Kuwait's Parliament Considers Women's Political Rights, Again

by Mary Ann Tétreault | published September 2, 2004

When Kuwait's parliament reconvenes in late October, it will be facing a full agenda. Member initiatives include an ambitious redistricting bill and threats to interpellate at least two cabinet ministers. The government's wish list is equally contentious; it includes a wide-ranging privatization program and a proposal to confer full political rights on Kuwaiti women. Despite promises of enfranchisement in return for their highly lauded performance resisting the Iraqi occupation of 1990-1991, Kuwaiti women are still denied the rights to vote and run for national office.

Letter from Kuwait

by Fred Halliday
published in MER215

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Advice and Dissent in Kuwait

by Mary Ann Tétreault
published in MER226

In sharp contrast to the diplomatic ineptitude that has characterized the Anglo-American march to war against Iraq, military preparations have been systematic, extensive and inexorable. As the military buildup has progressed through the autumn and winter of 2002 and into the succeeding spring, the feelings of Kuwaitis about what virtually all see as an inevitable war have become more and more -- ambivalent.

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Does a Vote Equal a Voice?

Women in Yemen

by Stacey Philbrick Yadav
published in MER252

In a second-floor classroom overlooking a flowering courtyard filled with groups of students sharing textbooks and snacks, a young Yemeni woman in her late teens says simply: “[No political party] cares about us, or about the country.” The “us” to whom she refers are the other young women in the room, a group participating in an innovative program at the Girls World Communication Center (GWCC), one of many civil society organizations in Yemen dedicated to improving opportunities for young women in the poorest country in the Arab world.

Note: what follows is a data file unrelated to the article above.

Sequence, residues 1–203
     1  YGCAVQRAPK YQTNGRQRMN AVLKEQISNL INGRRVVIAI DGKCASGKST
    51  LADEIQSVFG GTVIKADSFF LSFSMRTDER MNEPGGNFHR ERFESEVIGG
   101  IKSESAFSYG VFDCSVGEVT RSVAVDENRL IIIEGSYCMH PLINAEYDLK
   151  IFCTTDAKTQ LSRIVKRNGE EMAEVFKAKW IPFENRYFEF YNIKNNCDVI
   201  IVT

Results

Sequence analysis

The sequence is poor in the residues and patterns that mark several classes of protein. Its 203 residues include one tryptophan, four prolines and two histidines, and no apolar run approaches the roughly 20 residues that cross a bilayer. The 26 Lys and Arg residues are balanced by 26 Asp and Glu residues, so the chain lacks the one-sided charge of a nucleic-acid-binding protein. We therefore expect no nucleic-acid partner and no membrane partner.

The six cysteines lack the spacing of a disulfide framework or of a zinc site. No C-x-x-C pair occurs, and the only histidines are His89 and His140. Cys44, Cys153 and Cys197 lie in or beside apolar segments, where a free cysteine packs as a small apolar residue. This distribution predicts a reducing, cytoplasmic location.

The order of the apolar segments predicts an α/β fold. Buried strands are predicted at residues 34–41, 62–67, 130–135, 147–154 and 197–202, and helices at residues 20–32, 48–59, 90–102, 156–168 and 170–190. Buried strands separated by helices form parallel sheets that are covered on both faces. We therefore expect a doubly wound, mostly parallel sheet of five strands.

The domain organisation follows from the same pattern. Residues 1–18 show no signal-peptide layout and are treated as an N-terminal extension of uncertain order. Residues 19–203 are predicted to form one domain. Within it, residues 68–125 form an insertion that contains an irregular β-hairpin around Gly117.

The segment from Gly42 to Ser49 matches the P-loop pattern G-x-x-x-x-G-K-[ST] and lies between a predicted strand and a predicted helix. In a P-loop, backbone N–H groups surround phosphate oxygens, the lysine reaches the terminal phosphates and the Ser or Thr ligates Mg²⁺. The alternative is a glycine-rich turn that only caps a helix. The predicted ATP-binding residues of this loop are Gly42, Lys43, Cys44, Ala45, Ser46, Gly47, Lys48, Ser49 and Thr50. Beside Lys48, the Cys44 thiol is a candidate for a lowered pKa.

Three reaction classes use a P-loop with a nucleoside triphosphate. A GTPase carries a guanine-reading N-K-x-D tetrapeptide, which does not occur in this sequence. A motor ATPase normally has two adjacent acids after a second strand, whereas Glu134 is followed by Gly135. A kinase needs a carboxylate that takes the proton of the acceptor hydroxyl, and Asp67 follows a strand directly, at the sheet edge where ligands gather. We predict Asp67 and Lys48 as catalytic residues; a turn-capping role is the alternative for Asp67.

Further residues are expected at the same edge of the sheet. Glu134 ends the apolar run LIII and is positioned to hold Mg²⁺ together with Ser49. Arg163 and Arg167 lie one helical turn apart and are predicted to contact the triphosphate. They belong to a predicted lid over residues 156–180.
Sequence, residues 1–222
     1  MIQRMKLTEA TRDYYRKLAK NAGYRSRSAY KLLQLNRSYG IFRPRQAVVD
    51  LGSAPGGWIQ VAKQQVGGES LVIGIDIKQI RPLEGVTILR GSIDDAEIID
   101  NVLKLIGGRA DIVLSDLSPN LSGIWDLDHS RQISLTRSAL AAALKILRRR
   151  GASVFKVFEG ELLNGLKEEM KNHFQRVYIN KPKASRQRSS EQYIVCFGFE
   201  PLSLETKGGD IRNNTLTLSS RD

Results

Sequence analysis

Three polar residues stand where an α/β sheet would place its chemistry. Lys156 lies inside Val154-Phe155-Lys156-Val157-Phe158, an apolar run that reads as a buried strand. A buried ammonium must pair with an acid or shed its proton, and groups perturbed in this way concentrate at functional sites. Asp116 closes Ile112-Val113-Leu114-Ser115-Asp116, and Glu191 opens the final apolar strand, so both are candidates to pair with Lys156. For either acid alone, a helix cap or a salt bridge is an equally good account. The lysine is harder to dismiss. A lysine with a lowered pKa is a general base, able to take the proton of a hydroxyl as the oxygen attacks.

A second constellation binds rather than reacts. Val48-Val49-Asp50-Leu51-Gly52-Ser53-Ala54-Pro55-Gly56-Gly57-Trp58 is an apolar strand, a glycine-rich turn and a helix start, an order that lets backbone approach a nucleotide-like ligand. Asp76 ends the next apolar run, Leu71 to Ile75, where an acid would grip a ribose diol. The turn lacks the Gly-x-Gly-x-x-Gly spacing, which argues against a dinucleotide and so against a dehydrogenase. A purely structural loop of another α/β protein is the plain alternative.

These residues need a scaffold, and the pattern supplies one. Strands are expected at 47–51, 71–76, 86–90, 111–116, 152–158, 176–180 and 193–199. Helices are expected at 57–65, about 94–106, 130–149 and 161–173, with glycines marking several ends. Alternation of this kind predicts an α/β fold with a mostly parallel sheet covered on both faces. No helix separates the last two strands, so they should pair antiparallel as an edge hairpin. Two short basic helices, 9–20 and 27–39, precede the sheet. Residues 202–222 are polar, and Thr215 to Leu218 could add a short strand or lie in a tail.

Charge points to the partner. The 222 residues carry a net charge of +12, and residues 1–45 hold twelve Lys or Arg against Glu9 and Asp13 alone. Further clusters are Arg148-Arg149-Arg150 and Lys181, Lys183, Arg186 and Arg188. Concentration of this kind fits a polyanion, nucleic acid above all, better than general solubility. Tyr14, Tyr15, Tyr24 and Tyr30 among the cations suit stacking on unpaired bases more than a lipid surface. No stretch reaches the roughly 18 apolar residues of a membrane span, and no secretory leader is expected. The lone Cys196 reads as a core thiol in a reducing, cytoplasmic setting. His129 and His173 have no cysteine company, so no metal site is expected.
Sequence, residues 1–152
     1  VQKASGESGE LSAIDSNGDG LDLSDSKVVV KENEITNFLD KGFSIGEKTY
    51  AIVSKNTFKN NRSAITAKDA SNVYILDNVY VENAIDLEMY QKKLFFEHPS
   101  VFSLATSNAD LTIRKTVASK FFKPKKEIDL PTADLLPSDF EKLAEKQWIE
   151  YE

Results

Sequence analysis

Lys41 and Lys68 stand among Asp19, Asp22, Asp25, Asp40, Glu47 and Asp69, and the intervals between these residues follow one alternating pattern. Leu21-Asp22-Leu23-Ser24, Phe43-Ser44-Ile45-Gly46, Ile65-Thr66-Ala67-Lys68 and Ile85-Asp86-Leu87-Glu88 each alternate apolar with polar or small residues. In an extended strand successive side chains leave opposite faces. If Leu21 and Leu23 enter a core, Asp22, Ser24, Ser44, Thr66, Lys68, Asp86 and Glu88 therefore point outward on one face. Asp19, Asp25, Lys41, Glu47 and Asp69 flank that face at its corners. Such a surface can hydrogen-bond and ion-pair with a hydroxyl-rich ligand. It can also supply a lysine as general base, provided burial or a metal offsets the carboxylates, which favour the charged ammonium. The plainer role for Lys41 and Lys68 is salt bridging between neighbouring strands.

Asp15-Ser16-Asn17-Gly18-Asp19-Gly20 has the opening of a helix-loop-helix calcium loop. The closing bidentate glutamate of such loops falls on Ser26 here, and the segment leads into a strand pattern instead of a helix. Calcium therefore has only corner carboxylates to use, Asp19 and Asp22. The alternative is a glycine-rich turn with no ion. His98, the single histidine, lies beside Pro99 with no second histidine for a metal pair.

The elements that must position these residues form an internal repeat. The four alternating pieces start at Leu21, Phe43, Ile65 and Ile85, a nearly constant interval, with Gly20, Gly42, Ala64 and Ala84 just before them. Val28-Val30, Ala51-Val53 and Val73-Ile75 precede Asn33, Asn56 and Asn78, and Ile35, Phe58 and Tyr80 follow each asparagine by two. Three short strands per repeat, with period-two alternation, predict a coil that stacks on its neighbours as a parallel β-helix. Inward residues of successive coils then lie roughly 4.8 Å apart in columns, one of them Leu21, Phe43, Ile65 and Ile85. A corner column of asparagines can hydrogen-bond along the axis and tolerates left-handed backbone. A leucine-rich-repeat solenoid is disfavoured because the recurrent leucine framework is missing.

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A Tale of Two Kuwaits

by Kristen Smith Diwan
published in MER252

Elections in Kuwait are usually festive occasions, but in May 2009 Kuwaitis were frustrated. It was the third set of elections in three years, all coming after the emir dissolved the National Assembly because of confrontations between parliamentarians and the cabinet led by the ruling Sabah family. Kuwaitis across the spectrum of opinion are clearly fed up with years of political gridlock and the failure of government to clear the way for private-sector projects and to invest in the country’s badly worn infrastructure. The stagnation is particularly galling given the huge investments made in neighboring Gulf countries. There is a pervasive sense that Kuwait is in decline.

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